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Pandemic Influenza Planning and Exercising The Miami-Dade County Experience PowerPoint Presentation
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Pandemic Influenza Planning and Exercising The Miami-Dade County Experience

Pandemic Influenza Planning and Exercising The Miami-Dade County Experience

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Pandemic Influenza Planning and Exercising The Miami-Dade County Experience

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  1. Pandemic InfluenzaPlanning and Exercising The Miami-Dade County Experience Meeting with GAO Representatives July 23, 2007

  2. MDCHD Profile • Eighth Largest County in the US • Population - 2.5 million • MDCHD Budget - $63 Million • MDCHD Employees - 900 • Number of Services Provided Annually – estimated 1,928,000 Source: Catch Study 2004/ ESRI Business Information Solutions Source: HCMS 10/1/04 – 9/30/05

  3. Pandemic flu Preparedness and ResponseMDCHD* Roles • Coordinate preparedness actions with community partners • Monitor worldwide progress of new influenza strains • Establish a robust surveillance system • Inform and Educate the public • Convene the County pandemic planning workgroup • Draft the Miami-Dade Pandemic Flu Plan * Miami-Dade County Health Department

  4. How did we Plan for a Pandemic? • The M-D County Influenza Workgroup drafted our Pandemic Preparedness and Response Plan • The Miami-Dade pandemic flu plan took elements from • Florida Department of Health (DOH) • Centers for Disease Control and Prevention (CDC) • World Health Organization (WHO) • The plan was included in the County Emergency Management Plan (CEMP)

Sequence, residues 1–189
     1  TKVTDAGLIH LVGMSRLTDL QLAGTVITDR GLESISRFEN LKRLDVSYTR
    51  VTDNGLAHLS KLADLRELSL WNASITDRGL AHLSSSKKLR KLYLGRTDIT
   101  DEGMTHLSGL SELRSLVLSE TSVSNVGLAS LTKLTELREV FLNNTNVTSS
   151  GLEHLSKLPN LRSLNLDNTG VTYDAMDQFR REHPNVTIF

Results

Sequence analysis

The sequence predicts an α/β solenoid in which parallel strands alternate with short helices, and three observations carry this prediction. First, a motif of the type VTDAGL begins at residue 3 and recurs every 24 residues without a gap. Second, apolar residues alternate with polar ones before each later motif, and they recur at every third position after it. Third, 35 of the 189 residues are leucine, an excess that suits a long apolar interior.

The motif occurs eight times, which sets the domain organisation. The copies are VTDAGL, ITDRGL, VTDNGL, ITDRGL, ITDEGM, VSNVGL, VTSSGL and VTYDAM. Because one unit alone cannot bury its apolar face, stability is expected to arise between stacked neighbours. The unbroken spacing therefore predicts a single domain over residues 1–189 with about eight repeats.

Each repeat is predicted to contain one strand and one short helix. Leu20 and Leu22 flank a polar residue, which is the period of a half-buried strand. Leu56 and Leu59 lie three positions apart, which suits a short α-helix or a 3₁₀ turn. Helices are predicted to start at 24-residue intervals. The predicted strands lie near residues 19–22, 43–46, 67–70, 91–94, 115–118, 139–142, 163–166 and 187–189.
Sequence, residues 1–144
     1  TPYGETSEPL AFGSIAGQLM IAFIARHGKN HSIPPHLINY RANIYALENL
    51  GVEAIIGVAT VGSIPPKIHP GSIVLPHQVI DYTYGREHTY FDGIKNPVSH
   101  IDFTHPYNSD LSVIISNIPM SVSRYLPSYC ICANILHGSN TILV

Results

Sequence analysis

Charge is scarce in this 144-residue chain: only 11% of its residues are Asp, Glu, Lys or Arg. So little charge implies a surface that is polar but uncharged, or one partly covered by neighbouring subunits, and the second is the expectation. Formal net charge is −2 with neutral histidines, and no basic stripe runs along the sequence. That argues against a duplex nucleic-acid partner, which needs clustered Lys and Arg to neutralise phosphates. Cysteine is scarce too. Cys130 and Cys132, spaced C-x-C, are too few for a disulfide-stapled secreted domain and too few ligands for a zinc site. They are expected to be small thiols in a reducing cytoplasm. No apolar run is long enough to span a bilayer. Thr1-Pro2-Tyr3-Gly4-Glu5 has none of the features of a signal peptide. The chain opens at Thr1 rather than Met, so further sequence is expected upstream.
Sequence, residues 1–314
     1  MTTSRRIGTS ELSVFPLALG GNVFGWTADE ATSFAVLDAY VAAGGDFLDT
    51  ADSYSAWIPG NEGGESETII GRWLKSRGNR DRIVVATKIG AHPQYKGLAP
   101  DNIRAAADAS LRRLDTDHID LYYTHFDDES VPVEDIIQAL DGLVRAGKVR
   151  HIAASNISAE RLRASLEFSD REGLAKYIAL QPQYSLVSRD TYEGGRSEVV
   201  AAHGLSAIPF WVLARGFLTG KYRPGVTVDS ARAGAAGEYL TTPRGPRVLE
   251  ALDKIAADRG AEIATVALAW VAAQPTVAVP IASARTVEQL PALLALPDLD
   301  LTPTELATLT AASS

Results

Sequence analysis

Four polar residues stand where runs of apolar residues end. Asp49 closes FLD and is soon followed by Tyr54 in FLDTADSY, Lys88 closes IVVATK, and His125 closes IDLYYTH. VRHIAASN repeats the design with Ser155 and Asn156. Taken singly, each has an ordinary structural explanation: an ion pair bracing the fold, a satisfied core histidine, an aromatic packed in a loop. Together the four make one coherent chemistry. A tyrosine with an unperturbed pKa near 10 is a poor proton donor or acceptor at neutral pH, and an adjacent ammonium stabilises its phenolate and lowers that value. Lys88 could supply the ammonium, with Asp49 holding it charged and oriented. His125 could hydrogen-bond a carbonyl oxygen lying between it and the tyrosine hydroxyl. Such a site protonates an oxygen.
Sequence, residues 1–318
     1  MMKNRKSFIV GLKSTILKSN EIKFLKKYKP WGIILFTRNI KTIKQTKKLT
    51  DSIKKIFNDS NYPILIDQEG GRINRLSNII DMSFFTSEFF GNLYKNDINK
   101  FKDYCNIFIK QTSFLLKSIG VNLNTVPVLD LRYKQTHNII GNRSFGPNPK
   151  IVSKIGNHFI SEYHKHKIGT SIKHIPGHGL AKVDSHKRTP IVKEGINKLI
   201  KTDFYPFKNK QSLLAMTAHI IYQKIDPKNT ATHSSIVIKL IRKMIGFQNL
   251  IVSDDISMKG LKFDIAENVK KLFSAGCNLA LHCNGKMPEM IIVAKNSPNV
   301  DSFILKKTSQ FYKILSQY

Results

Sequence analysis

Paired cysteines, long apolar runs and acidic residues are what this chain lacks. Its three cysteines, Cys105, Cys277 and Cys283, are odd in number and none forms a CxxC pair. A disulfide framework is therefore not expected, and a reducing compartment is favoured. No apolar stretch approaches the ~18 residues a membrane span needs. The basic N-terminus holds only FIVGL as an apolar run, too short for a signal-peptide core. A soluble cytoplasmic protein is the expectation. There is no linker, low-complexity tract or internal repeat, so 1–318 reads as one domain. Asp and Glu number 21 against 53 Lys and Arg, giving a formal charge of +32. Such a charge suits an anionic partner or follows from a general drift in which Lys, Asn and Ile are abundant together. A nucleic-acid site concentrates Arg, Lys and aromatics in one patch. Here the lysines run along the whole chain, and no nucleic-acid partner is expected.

5. What Challenges do we Face? • Not enough funding and resources • Staffing • Logistics • Mechanical Ventilators • PPEs • Hospital beds • Alternate Medical Facilities • Ethical concerns • allocation and prioritization of resources • Public and healthcare providers “burned out”

  6. Are There Solutions in Miami-Dade? • Build a Medical Reserve Corps with at least 12,000 members • Deliver systematic messages to keep awareness among local government officials and the public • Identify potential alternate medical facilities • Local governments’ commitment is needed • Identify funding sources to help us purchase PPEs, ventilators, and other tools • Keep working in the development of proper ethical guidance for M-D healthcare providers

  7. Pandemic Flu Exercisesin Miami-Dade • Three CRI field exercises conducted between 2005 and 2006 included a simulation of massive vaccination for influenza • A pandemic influenza tabletop exercise was conducted in March 2007 CRI: Citi Readiness Initiative

  8. Pandemic Flu Exercisesin Miami-Dade • After-action reports of the pandemic influenza field and tabletop exercises were created • MDCHD Office of Public Health Preparedness implemented the results from the after-action report into its annual CRI update

  9. Challenges Faced Regarding Exercising for a Pandemic • Requesting and receiving approval to purchase refreshments for participants • Getting local hospitals to participate on a pandemic exercise • Gathering enough people from the community to deliver a real mass vaccination *Points taken from the pandemic influenza tabletop after-action report.